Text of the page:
The full press release explaining the prosecution and its background can be found here.  This case has some similarities to the recent prosecution of an Ohio contractor which I commented about here.

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Posted on by Christopher I. McCabe, Esq. in DBE/MBE/WBE, PennDOT Leave a comment

Public Bidding 101: Bidder Responsibility

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This is one in a continuing series of posts on the basic tenets of public bidding in Pennsylvania.  The subject of today’s post is bidder responsibility.

“Responsibilty” refers to the qualifications, including competence and experience, of a bidder to perform a public contract.  Whether a bidder is responsible or qualified to receive a contract award is ordinarily left up to the discretion of the government officials in charge of awarding the contract.  The courts are extremely reluctant to overrule government decisions to disqualify a bidder as non-responsible.

The standards for bidder responsibility have been established for many years.  The criteria include financial responsibility, integrity, efficiency, industry, experience, promptness, and ability to successfully perform and complete the contract.  While some may believe that the ability to secure and post a bond is proof of their responsibility, a bond is not a substitute for the failure of a bidder to satisfy qualification criteria.  Furthermore, a bidder cannot be rejected as non-qualified unless the government officials have also first conducted an investigation into all bidders’ respective qualifications.

Bidder responsibility can be determined before bids are received, via a pre-qualificaiton process, or after the bids are received.  All bidders must be judged according to the same criteria.  A pre-qualification process may be used only if one is mandated or allowed by statute or ordinance.  Where there is no prescribed pre-qualification process, a municipal official may not exclude certain persons from bidding under the guise of a pre-qualification program.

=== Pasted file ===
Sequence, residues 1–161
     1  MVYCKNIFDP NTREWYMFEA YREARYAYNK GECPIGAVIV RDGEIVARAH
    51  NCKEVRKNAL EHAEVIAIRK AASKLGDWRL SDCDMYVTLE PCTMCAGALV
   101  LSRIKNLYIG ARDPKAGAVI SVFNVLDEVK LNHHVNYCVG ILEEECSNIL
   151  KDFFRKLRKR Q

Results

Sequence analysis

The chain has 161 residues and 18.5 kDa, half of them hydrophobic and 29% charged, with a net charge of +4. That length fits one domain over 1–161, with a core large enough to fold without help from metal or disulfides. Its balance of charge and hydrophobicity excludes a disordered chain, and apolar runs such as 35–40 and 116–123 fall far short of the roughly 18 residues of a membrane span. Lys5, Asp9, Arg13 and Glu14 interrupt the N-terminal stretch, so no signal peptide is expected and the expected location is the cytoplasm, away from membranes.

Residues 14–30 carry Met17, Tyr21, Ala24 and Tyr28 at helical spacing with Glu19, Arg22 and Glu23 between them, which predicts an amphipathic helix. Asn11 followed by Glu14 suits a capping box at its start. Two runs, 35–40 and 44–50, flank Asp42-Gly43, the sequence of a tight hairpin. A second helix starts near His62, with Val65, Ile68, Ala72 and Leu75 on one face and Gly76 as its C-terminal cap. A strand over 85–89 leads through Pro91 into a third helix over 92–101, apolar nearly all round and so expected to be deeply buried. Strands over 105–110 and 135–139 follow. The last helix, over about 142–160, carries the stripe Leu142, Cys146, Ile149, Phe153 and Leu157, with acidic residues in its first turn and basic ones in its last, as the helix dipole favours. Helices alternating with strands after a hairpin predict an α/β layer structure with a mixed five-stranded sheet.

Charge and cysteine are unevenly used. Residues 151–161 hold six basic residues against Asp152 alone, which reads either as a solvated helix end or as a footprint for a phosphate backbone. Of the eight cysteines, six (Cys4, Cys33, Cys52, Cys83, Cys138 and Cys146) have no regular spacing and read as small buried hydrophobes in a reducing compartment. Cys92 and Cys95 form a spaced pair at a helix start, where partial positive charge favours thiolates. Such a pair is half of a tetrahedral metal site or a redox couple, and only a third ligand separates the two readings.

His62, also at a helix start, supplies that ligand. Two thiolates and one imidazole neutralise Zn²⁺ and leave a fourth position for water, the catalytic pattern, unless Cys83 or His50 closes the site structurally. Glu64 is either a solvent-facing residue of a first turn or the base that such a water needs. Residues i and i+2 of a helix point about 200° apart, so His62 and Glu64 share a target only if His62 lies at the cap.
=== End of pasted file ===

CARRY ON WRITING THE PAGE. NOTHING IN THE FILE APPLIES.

In Harris v. City of Philadelphia, 299 Pa. 473, 149 A. 722 (1930), the Supreme Court of Pennsylvania had this to say about responsibilty determinations:

We again lay down the rule that all bidders on a municipal contract must be accorded the same treatment, for not otherwise can the requirements of the statute be complied with.  The city may … accept and schedule all bids, and then, if acting in good faith, refuse to award the contract to one who is the lowest bidder, because he is not the ‘lowest responsible bidder.’  Or she may … determine in advance who are responsible bidders, and refuse to receive bids from those who, after treating all alike, she determines are not in that class.  But she may not impose conditions on one prospective bidder, which are not imposed upon all; nor may she enforce a method by which, through favoritism, one person may be conclusively authorized to bid on a pending contract, while another, equally as responsible and perhaps more so, is wholly excluded from even submitting a bid.

This rule of public bidding is as applicable today as it was in 1930.

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Posted on by Christopher I. McCabe, Esq. in Public Bidding 101, Responsibility Leave a comment

Campaign Finance Laws Still Affect Public Contractors

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Don’t let the era of SuperPACs and free corporate election spending fool you – even proper contributions to candidates can still bar contractors from receiving future government contracts.

The recent U.S. Supreme Court case, Citizens United v. FEC (2010), struck down prohibitions against independent expenditures made by corporate entities toward influencing an election.  In the wake of the Citizens United decision, Pennsylvania’s Department of State officially refused to enforce state restrictions on corporate expenditures.    The age of free corporate election spending dawned.

But not all spending is equal. Prior to Citizens United, Pennsylvania law prohibited both election expenditures and contributions by corporations.  Accordingly, even as it freed corporations to make election expenditures, the State Department clung to its prohibition on campaign contributions.